Boxwood Blight – Devastating Disease Reported in Kentucky

Boxwood blight (caused by the fungus Cylindrocladium buxicola) was confirmed in October 2014.  Plants submitted to the UK Plant Disease Diagnostic Laboratory were collected from a residential landscape in Fayette County.  Homeowners suspect that infected plants were transported from a retail garden center in Jefferson County in May 2014, but official reports of boxwood decline were delayed until October when established boxwood plants on the property began to exhibit symptoms.  Original infected plants had been destroyed soon after planting.

Symptoms

Symptoms of boxwood blight are different from some of the most commonly observed boxwood problems.  For example, stem blight, freeze damage, and drought damage result in foliage turning bright bronze or straw-colored while remaining intact.  Boxwood blight, in contrast, results in rapid defoliation of plants (Figure 1).

Figure 1 – Defoliation of the lower plant canopy is often the first obvious symptom of boxwood blight.  (Photo: Nicole Ward Gauthier, UK)

Figure 1 – Defoliation of the lower plant canopy is often the first obvious symptom of boxwood blight. (Photo: Nicole Ward Gauthier, UK)

Another distinguishing symptom of boxwood blight is black/brown stem lesions that are easily recognized after leaf drop (Figure 2).

Figure 2 – Dark stem lesions are one of the most distinguishing symptoms of boxwood blight. (Photo: Nicole Ward Gauthier, UK)

Figure 2 – Dark stem lesions are one of the most distinguishing symptoms of boxwood blight. (Photo: Nicole Ward Gauthier, UK)

Earliest symptoms include leaf spots, but these spots often go unnoticed unless a regular scouting program is in place (Figure 3).  Roots are not affected.

Figure 3 – Early symptoms of boxwood blight include leaf spots, but because leaf drop occurs soon afterward, this phase often goes unnoticed. (Photo: Nicole Ward Gauthier, UK)

Figure 3 – Early symptoms of boxwood blight include leaf spots, but because leaf drop occurs soon afterward, this phase often goes unnoticed. (Photo: Nicole Ward Gauthier, UK)

Management

Avoid unhealthy plants at all costs.  Homeowners should examine plants carefully before purchase, avoiding plants with leaf or stem lesions or an unhealthy appearance.  Growers should carefully inspect incoming plants and liners before introducing them into production areas.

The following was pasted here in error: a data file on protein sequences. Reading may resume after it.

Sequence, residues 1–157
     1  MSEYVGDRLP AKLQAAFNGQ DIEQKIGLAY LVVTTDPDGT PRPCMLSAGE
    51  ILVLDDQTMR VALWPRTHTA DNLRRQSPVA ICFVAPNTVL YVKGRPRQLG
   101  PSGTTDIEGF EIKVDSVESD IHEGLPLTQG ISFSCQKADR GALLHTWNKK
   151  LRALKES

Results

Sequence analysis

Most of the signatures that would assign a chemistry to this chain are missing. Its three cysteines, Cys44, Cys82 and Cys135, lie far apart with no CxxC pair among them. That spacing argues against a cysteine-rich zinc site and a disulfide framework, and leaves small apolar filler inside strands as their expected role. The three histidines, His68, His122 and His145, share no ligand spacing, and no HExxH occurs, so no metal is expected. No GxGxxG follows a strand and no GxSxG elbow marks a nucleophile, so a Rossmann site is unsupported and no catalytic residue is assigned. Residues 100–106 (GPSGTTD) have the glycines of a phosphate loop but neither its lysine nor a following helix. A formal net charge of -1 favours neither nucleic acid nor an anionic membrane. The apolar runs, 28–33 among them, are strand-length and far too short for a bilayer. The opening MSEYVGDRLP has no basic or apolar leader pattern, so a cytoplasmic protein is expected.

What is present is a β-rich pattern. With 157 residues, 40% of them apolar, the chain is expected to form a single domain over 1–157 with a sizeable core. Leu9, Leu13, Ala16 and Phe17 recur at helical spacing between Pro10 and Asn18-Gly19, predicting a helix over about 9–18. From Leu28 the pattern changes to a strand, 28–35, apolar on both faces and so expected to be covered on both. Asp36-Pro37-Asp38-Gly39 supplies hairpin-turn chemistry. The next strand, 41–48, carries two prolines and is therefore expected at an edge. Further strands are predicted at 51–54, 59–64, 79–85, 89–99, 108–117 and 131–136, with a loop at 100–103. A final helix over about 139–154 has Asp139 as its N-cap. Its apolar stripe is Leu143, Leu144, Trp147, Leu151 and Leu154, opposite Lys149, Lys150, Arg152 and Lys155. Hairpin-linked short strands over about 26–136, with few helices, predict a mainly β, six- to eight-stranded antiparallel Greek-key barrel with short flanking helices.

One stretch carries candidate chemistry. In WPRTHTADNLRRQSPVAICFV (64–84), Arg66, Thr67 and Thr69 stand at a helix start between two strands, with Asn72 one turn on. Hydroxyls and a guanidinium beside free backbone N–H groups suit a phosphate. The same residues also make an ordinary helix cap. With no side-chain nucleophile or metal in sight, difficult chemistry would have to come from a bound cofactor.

Use of tolerant boxwood cultivars may also be used as a protective measure, although there are no resistant cultivars.  See Susceptibility of Commercial Boxwood Varieties to Clyindrocladium buxicola by Ganci, Benson, and Ivors for cultivar ratings.

Fungicides can suppress disease development and spread, but they do not cure this disease.  Thus, infected plants should be destroyed immediately to prevent spread.  A rigid sanitation program is recommended, including destruction of plant material and leaf debris, where fungal spores reside.  For more details regarding clean-up, see our fact sheet Landscape Sanitation (PPFS-GEN-04).  Cultural practices can help prevent conditions that are conducive for the fungal pathogen.  Space plants for air circulation and rapid drying of foliage.  Overhead irrigation should be avoided.

Surrounding healthy boxwood may be protected with fungicides such as chlorothalonil, chlorothalonil + thiophanate-methyl, tebuconazole, or fludioxonil.  See The Most Effective Products for Preventing Boxwood Blight, caused by Cylindrocladium buxicola by K. Ivors and M. Ganci for detailed fungicide recommendations.

Report suspected cases of boxwood blight immediately to your local Extension agent or specialist, or to the UK Plant Disease Diagnostic Lab.

 

By Nicole Ward Gauthier, Extension Plant Pathologist

 

 

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